The German government is close to an agreement on the new Supply Chain Act. The law is expected to be passed in Germany by January 2021 at the latest and also at EU level in spring 2021.
The law creates a legal framework for corporate due diligence along the entire supply chain. Companies are thus to assume responsibility for human rights violations and environmental risks of their suppliers and, if necessary, also be liable for them. This means new obligations for companies and their purchasing departments.
Key points of the new supply chain law
The German Federal Ministry of Labor and Social Affairs (BMAS) and the German Federal Ministry for Economic Cooperation and Development (BMZ) have presented a key points paper for the new Supply Chain Act and the strengthening of corporate due diligence obligations to prevent human rights violations in global value chains.
The envisaged obligations go far beyond the core elements of the National Action Plan and relevant international standards, such as the UN Guiding Principles on Business and Human Rights. This is unique because it is the first time German law has been applied to international supply chains. Thus, there is a move away from the principle of applicability of the "law at the place where the damage occurs" to the "law at the place of action".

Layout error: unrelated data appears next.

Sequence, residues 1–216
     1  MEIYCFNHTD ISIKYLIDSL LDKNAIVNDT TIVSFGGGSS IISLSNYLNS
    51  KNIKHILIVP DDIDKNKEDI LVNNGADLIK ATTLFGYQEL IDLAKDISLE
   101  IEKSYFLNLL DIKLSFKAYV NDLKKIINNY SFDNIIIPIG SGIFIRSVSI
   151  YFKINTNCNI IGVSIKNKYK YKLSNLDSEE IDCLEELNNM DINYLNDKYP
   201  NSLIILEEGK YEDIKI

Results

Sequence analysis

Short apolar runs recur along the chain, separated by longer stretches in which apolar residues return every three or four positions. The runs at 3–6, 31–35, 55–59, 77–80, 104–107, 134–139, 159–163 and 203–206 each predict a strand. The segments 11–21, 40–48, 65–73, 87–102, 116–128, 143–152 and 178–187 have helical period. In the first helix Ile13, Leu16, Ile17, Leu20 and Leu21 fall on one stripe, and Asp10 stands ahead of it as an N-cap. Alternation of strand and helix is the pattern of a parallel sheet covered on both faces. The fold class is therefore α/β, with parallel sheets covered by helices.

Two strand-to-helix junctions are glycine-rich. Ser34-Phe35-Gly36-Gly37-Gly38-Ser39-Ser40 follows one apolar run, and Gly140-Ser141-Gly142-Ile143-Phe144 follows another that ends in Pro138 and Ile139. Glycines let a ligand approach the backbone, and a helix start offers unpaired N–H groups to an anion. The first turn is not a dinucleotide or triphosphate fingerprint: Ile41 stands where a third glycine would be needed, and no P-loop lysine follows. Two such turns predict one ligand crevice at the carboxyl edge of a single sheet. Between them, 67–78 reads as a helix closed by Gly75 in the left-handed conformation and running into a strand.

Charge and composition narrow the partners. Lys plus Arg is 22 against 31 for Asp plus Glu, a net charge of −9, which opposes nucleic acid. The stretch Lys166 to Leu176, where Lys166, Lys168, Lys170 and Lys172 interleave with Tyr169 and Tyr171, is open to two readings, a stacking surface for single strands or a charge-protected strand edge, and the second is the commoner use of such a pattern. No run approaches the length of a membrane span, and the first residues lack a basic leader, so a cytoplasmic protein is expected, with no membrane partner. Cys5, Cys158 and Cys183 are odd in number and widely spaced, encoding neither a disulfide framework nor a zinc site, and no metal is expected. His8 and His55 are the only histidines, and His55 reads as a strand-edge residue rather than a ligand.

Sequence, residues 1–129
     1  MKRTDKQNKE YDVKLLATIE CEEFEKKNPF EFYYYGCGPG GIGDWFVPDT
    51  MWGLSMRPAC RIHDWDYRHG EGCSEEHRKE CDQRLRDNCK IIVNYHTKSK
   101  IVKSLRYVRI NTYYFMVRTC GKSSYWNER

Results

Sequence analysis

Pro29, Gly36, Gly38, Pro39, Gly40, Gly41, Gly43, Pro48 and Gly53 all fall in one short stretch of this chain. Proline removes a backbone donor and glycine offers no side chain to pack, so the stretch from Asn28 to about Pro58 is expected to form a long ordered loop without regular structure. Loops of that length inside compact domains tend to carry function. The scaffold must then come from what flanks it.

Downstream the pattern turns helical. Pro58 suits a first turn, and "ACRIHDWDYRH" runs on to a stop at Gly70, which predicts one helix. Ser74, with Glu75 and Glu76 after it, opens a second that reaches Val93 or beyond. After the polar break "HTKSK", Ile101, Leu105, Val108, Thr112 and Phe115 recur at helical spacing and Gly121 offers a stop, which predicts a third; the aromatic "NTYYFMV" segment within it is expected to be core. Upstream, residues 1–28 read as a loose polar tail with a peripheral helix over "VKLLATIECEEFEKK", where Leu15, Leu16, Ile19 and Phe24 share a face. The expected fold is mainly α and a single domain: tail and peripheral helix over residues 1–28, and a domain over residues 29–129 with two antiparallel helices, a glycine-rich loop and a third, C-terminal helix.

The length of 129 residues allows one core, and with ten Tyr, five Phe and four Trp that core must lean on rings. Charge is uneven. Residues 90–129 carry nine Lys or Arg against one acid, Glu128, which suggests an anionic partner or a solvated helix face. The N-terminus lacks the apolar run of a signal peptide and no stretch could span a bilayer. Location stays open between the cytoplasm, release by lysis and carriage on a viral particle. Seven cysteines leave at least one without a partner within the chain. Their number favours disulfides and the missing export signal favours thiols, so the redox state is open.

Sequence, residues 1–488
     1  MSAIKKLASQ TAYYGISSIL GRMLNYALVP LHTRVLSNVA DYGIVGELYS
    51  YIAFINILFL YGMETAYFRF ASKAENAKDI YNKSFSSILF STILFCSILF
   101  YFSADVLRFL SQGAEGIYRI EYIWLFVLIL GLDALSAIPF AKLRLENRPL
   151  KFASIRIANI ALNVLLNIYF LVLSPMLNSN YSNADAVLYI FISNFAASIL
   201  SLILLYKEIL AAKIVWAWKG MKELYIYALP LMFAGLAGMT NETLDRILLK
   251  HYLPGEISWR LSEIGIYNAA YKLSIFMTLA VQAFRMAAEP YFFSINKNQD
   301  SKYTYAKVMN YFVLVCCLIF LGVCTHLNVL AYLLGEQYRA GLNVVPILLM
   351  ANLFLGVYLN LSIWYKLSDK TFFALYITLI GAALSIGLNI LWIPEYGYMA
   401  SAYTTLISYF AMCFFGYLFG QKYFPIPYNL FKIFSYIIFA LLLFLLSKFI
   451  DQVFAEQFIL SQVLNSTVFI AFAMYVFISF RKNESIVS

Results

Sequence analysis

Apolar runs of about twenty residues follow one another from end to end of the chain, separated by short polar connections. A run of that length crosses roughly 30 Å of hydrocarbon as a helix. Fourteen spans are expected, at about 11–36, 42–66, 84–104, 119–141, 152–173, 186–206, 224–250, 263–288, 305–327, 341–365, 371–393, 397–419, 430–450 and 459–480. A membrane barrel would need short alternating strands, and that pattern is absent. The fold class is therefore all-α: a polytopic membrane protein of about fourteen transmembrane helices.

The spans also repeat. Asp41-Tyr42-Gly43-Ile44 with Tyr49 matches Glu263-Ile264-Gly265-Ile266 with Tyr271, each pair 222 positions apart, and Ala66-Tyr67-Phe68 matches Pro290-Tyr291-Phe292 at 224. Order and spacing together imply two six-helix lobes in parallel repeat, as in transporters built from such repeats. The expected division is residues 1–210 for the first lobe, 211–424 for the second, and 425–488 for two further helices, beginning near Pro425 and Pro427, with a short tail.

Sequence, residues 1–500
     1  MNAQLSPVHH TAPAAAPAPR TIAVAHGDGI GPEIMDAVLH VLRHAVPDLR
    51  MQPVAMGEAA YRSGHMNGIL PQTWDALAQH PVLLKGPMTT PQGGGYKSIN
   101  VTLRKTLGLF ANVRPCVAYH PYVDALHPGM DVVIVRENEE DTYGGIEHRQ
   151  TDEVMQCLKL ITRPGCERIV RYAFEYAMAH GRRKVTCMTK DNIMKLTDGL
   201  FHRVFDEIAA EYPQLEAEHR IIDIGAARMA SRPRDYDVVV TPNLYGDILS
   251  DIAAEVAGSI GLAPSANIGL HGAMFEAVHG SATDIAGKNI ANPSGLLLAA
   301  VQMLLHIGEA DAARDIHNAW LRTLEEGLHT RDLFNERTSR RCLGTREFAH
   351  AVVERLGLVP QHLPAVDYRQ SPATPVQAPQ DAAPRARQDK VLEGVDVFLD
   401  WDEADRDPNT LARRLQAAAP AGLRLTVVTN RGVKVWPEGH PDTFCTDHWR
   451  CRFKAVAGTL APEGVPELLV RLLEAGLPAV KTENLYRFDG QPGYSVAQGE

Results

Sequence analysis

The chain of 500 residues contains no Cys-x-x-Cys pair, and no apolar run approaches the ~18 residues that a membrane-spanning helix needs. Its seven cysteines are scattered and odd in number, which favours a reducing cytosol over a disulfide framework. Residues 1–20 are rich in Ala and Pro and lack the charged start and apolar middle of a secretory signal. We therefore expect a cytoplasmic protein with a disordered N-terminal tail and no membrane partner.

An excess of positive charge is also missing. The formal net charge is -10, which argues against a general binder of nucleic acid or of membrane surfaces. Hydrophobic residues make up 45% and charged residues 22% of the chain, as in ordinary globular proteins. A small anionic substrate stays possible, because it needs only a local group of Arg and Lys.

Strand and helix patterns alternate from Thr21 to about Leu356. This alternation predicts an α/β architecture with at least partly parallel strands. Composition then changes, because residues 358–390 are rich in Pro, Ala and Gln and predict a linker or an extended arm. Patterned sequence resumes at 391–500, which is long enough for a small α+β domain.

Is your company affected by the Supply Chain Act?
In principle, only large companies with more than 500 employees are directly affected by the new Supply Chain Act. This corresponds to approximately 7,200 companies in Germany (partnerships and corporations).
However, companies with fewer than 500 employees will also be indirectly affected, because supply chain monitoring takes place not only internationally but also nationally. In this respect, small companies may also be obliged to provide information and disclosures to their large trading partners.
For affected companies, this means committing themselves to the UN Guiding Principles on Business and Human Rights and Environmental Risks and also demanding these from all stakeholders (especially business partners).
All measures taken by the companies concerned must then additionally be published transparently in annual reports.
Meet the requirements of the Supply Chain Act with Sco2res®.
Even though the effects of the Supply Chain Act are far-reaching, there is no reason to panic.
A study by the EU Commission has shown that the cost for large companies is only 0.009 percent of turnover on average.
At its core, the Supply Chain Act requires systematic risk management and an electronic reporting obligation for companies to a federal authority that checks the information for plausibility on a random basis or in cases of suspicion. Existing reporting obligations, for example under the CSR Directive, are to be taken into account.
With Sco2res® you can fulfill your documentation, monitoring and reporting obligations automatically and in compliance with the law.
Arrange a meeting today and get to know Sco2res®.